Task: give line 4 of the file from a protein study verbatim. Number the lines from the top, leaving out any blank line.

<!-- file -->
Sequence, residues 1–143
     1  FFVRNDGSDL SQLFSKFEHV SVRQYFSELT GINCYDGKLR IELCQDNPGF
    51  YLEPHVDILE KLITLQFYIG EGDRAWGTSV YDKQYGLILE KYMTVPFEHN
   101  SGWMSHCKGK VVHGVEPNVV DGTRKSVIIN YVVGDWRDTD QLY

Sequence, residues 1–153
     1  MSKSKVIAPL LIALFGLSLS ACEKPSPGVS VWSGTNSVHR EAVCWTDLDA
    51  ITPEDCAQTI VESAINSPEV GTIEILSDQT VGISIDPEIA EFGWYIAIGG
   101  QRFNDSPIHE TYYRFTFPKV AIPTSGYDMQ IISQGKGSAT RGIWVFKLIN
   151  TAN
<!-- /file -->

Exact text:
   101  SGWMSHCKGK VVHGVEPNVV DGTRKSVIIN YVVGDWRDTD QLY